Westpac believes that a technology overhaul will further cut approval times across the lending giant, as an increase in mobile banking and growing fintech competition is forcing banks to offer much faster credit ratings.
Chris de Bruin, CEO of Westpac’s flagship retail and consumer companies, has also signaled in an interview with Aging and Sydney Morning Herald that the bank is not in a hurry to enter the cryptocurrency market and it remained bullish in its outlook for mortgages despite recent rises in fixed interest rates.
Westpac will this week release new figures underlining the dominance of banking on smartphones and tablets as it also rolls out a renewed banking app to more than 800,000 customers using Android phones.
Sir. de Bruin said growth in mobile banking was an “irreversible trend” that made digital investing a critical priority as Westpac seeks to reverse a period of poor performance by simplifying products and improving its technology.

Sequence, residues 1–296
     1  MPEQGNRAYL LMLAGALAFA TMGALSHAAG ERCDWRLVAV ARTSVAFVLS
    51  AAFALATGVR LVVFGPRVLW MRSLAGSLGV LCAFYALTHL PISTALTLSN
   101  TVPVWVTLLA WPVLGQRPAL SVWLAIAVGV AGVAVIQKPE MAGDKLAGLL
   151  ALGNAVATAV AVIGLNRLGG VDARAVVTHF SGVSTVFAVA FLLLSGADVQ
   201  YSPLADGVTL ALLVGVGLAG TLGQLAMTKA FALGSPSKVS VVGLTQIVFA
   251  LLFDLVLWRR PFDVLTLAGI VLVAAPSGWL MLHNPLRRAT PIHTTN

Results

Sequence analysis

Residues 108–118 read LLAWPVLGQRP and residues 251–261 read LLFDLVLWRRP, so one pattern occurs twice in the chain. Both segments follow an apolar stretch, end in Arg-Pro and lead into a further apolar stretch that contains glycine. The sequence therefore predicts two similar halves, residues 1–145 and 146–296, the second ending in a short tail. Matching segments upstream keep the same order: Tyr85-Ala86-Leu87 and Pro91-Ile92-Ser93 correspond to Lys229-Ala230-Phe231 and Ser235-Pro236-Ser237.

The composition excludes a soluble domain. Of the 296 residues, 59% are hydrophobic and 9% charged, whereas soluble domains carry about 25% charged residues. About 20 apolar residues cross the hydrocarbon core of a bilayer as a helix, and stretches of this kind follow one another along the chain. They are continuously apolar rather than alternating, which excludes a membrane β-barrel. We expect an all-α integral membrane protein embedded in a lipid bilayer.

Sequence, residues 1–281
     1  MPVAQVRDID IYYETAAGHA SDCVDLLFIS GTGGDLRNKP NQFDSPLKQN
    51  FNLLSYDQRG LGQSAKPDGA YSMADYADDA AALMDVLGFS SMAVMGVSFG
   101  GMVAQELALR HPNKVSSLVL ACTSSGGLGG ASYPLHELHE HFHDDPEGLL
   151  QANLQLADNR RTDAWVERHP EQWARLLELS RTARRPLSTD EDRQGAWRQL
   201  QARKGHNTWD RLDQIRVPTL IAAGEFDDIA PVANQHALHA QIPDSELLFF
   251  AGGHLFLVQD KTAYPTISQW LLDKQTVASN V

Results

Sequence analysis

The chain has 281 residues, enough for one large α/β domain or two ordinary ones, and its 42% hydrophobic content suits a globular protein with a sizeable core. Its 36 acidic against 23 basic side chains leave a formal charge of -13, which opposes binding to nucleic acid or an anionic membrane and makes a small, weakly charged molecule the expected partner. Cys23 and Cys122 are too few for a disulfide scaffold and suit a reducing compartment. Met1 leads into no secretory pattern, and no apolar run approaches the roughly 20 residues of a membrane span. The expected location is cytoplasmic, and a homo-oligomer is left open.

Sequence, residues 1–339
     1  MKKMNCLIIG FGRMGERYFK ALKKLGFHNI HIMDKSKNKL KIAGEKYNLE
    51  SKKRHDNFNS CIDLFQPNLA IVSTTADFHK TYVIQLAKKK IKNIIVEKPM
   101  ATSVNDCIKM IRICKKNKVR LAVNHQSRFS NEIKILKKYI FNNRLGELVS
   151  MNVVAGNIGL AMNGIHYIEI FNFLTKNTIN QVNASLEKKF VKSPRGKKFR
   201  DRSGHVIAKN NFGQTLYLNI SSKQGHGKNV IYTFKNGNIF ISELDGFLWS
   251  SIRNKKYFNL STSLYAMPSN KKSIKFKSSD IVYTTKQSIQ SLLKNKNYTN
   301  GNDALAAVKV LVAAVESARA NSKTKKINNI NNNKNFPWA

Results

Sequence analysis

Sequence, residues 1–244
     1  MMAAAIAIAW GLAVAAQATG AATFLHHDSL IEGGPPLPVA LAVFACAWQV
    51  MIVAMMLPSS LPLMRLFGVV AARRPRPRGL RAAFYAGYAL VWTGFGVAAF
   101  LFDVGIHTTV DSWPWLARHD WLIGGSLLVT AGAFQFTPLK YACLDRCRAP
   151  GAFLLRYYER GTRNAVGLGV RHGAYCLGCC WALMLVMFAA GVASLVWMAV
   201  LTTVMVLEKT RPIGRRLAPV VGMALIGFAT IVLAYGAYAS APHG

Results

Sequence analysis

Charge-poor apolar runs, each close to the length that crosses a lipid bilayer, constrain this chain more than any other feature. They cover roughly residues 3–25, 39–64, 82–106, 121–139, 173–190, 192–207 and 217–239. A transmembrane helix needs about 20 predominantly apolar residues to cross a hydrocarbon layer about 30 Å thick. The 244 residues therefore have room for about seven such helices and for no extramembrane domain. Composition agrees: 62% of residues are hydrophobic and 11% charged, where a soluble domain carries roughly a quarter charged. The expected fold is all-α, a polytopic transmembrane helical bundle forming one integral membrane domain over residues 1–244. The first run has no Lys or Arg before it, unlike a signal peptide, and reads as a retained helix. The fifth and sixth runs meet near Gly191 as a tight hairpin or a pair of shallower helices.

In many cases, he said, banks were now judged on how they fared with fintechs and even non-financial corporations. When the bank recently prepared a move to offer a zero-interest credit card aimed at younger customers, he said the background was the time it takes to subscribe to a service like Netflix.
“People are used to getting answers quickly. You can sign up for a subscription service online very quickly, so when we leaned into the subscription credit room, which is a subset of the buy-now-pay-later space, our standard was how fast you can sign up for a subscription product in the world, whether it’s a Netflix or another subscription product? “he said.” And it’s typically two to three minutes. “
Sir. de Bruin said the technological changes that had allowed this particular product to be approved in minutes would now be rolled out more widely, resulting in credit card approval times also being cut.
Speed is also a crucial battleground in mortgage lending, and the bank is rolling out a digital mortgage. Sir. de Bruin said that in the long run, loan applications will inevitably become more “self-governing” and digital, with staff spending less time processing paperwork and more helping customers.